This salad is best served immediately, as the bacon fat will solidify if allowed to cool too much.

Make a meal out of it by serving with crusty bread and/or a fried egg on top.

Asparagus pesto

Everyone knows the traditional basil pesto, that beloved sauce of the summer garden. But what if you get a hankerin’ for garden-fresh pesto in early spring?

Well, rather than pine away for an ingredient that’s still months away, why not get creative and replace it with what you do have?

Asparagus, it turns out, is a wonderful substitution for basil in this classic sauce.

Yields 4 to 6 servings.

Kosher salt

1 bunch asparagus, woody ends removed and tender tips cut into 1- to 2-inch pieces

3 to 4 cloves garlic

1/4 cup pine nuts

3/4 cup grated Parmesan cheese (Parmigiano-Reggiano is ideal)

Black pepper, to taste

1/4 cup extra-virgin olive oil

Juice from 1/2 lemon

Bring large pot of water to boil over high heat. Salt water liberally.

Remember, the rule of thumb when cooking pasta or blanching vegetables is to make your water as salty as the sea.

Add asparagus and cook until crisp-tender, about 5 minutes.

Remove asparagus to prepared ice bath – ice water in large bowl – to stop the cooking process.

Meanwhile, roast garlic cloves, removed from bulb, but still in paper, by placing in dry pan over medium heat.

Once bulbs become soft to touch and slightly brown, about 10 minutes, remove and peel.

Place asparagus, garlic, pine nuts, Parmesan cheese and pinch of black pepper into a food processor bowl.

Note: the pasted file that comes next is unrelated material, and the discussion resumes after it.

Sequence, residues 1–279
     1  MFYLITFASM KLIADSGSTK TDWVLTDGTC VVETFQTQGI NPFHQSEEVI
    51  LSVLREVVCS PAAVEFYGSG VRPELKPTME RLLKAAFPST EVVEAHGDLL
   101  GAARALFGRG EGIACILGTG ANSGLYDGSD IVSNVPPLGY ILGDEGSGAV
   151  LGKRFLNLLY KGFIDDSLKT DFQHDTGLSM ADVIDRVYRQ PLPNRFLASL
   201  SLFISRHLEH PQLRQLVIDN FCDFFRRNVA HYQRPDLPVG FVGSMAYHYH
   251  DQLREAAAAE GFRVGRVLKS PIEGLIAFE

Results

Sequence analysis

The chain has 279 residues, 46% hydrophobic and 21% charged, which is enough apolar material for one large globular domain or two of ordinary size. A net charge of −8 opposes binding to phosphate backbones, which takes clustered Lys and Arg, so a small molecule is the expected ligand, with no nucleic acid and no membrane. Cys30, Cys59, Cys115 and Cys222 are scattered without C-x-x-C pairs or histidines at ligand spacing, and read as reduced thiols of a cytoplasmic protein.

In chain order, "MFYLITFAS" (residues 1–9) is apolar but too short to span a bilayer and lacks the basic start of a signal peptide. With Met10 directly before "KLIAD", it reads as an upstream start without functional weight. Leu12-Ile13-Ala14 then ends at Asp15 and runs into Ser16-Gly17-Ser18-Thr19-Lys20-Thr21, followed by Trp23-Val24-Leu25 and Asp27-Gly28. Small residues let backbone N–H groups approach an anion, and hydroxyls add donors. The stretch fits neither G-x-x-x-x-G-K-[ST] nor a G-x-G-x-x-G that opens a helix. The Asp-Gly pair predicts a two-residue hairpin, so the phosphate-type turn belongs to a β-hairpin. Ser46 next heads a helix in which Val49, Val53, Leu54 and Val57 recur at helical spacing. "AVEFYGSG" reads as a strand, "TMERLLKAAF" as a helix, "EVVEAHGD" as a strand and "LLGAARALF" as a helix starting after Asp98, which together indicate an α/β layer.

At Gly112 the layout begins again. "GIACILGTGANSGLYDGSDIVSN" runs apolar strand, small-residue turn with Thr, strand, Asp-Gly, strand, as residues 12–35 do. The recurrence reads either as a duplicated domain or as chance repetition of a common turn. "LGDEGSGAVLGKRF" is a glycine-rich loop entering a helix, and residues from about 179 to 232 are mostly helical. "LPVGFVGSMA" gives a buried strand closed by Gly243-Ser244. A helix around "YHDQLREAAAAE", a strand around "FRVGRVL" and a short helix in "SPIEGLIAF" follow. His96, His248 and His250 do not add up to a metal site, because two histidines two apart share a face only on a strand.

Turn on motor and begin chopping/mixing process. With motor running, slowly pour in enough olive oil so sauce comes together; start with 1/4 cup.

Stop motor, scraping down sides of bowl if necessary.

Add lemon juice, and then adjust seasoning by adding additional salt, pepper and lemon juice, if needed; pulse a few more times to combine.

Serve with pasta and a few lightly steamed asparagus spears, or with chicken, fish or even steak.

Roasted asparagus

with Parmesan

Last, but definitely not least, is an oldie but goodie. This classic roasted asparagus side dish was a favorite in my family, and I’m sure it will become one in yours.

Not only is it incredibly easy to prepare, its simplicity is what makes it so special. The tender tips become golden and crispy in a matter of minutes, and the salty bite of the Parmesan adds just the right amount of richness.

Yields 2 generous servings.

1 bunch asparagus, woody ends removed

1 tablespoon olive oil

Parmesan cheese (Parmigiano-Reggiano is ideal)

Kosher salt and black pepper, to taste

Preheat oven to 450 degrees.

In large bowl, toss asparagus in olive oil to coat.

Place on baking sheet and roast in oven until just starting to brown, about 10 minutes.